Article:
Quantcast Dormant Post Method. (Cont.)

 
  
 
Appendix B: Bioengineering for Streambank Erosion Control -- Guidelines
e.
How deep is the stream along the eroding bank? Willow posts must penetrate to
a depth that is deeper than the water near the eroding bank. There should be a shelf
or at least a sloping bank that allows willow posts to penetrate at least 2 feet deeper
than the deepest water at the shore or the posts will be undercut below the root
zone. If this cannot be achieved by the willow posts, then some kind of hard toe,
like a rock revetment, should be used to prevent scour beneath the posts. The
length of the willow posts will depend on the water depth as well as the dryness of
the soil above the stream level.
f.
How wide is the stream channel at the erosion sites when compared to stable
channels upstream and downstream? The channel with vegetation at the erosion
site(s) should not be narrower than stable channels upstream or downstream;
otherwise, vegetation could choke the channel and cause other erosion problems.
g.
Do you have a source of large willows close to the site? Costs are less when willow
stands are close because of less transportation costs. Also, there is less chance of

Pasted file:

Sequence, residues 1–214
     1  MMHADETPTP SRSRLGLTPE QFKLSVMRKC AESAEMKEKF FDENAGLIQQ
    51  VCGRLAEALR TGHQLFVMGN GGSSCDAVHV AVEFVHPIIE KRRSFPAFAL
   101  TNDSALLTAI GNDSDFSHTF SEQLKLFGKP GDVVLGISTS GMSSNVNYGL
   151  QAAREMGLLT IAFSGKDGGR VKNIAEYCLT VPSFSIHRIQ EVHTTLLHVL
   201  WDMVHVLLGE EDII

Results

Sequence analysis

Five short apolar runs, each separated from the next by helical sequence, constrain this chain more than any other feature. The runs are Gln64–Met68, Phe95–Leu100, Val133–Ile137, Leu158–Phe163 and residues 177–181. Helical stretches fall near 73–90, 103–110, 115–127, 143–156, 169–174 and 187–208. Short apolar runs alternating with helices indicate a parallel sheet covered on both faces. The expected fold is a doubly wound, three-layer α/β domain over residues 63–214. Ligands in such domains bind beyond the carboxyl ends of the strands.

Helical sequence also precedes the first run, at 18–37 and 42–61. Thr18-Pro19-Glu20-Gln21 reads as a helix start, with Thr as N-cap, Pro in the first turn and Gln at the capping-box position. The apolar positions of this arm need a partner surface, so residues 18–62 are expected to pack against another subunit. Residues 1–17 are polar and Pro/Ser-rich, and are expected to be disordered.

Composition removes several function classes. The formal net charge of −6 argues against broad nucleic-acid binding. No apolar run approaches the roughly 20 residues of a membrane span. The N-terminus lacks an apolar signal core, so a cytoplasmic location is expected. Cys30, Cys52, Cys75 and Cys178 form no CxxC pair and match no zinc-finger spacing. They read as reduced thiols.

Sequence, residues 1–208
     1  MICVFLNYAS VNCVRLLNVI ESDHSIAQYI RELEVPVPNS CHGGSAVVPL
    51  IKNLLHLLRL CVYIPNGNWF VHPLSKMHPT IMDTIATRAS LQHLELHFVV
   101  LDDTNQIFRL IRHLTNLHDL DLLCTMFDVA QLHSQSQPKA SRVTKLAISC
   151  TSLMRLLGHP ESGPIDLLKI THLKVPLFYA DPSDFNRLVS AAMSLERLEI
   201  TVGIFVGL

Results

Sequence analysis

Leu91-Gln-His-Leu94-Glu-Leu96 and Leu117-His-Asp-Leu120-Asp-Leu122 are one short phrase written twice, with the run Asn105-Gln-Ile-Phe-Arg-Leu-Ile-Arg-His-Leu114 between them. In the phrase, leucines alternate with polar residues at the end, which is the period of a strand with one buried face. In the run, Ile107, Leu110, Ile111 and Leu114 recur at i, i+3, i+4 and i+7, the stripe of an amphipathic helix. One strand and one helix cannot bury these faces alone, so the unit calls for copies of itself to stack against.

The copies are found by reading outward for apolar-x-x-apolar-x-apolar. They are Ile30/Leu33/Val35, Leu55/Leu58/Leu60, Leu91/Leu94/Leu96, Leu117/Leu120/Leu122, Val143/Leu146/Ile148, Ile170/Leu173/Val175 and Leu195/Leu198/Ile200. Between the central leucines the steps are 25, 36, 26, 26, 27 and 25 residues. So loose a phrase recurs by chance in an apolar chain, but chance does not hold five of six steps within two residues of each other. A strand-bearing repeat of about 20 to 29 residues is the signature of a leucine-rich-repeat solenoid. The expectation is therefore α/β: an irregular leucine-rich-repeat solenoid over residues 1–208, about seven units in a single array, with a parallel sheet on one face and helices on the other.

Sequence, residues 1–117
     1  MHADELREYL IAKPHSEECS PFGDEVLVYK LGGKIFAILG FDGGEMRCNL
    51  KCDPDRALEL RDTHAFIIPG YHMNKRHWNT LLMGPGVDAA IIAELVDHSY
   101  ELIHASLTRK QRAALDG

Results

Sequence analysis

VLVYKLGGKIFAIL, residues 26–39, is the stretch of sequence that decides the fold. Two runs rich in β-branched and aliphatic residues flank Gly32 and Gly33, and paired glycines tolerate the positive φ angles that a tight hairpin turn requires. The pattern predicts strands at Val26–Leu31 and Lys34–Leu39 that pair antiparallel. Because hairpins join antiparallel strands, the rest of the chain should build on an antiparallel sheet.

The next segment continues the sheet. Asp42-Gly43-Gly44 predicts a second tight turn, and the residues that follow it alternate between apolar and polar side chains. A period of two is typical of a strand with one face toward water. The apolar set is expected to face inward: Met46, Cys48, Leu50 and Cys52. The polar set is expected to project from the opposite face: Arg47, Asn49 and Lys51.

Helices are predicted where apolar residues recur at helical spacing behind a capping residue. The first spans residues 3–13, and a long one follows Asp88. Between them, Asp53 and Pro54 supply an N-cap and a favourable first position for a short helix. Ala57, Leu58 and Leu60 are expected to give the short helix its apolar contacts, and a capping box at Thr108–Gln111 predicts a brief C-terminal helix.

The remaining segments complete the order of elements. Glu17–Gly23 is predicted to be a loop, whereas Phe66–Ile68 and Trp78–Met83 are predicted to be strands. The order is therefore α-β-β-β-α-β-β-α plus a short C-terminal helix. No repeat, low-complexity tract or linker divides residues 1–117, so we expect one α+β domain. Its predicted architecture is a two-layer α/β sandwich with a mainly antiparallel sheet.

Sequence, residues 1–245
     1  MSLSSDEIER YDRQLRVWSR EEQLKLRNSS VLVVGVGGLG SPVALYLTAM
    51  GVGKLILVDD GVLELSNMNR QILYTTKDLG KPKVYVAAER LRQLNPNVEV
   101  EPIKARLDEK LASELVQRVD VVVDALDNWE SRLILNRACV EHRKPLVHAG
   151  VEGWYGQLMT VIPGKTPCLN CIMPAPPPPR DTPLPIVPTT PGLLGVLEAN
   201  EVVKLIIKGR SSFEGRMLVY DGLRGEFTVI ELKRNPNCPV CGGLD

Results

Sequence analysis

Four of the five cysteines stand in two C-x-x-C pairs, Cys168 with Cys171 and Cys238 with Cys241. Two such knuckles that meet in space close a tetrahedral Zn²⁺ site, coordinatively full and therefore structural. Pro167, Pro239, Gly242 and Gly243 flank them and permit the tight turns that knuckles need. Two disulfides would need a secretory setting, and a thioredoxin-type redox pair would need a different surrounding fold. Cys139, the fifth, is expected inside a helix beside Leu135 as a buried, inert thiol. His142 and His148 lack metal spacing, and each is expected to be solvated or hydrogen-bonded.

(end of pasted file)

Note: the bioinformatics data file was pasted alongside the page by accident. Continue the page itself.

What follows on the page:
mortality due to long durations of handling and possible drying of the willow.
h.
Will the site be wet during dry summers? Willow posts require considerable water
while the roots are becoming established from the root primordia on the stems. For
dry sites, such as in the western states of the United States, tops of willow posts
should be only 1-2 feet above ground and they should penetrate into at least the
capillary zone of the groundwater table. Figure 10 shows willow posts being used
in eastern Montana on the upper Missouri River in combination with a line of coir-
covered haybales for toe protection. In similar cases, care should be taken to ensure
the posts are cut off not more than two feet above ground and that they penetrate
i.
Can you keep cattle and other animals, domestic or wild, away from the posts
during the first summer? Willows and other plants produce food for regrowth from
leaf photosynthesis. If these sprouting branches with leaves continue to be browsed
or if the tops of the plants continue to be cut off by beaver during the first growing
season, they could die. It is best to prevent this by keeping cattle off of the area and
either trap beaver off the area or spray the willow stems with organic beaver
deterrent sprays, made with such constituents as mountain lion urine. It should be
noted, however, that beaver damage during subsequent years of development may
only promote resprouting of branches from the main stem and actually promote a
shrubby-like plant. This is a positive effect from a surface roughness perspective
whereas the many branches slow the current and promote sedimentation that can
lead to other plant colonization.
j.
Have debris jams or trees and logs forced floodwater into the eroding bank? These
must be removed at least to the point where they are not directing water into a
bank. Trees and logs can be moved parallel to the bank and cabled to dead men.
B-56

 


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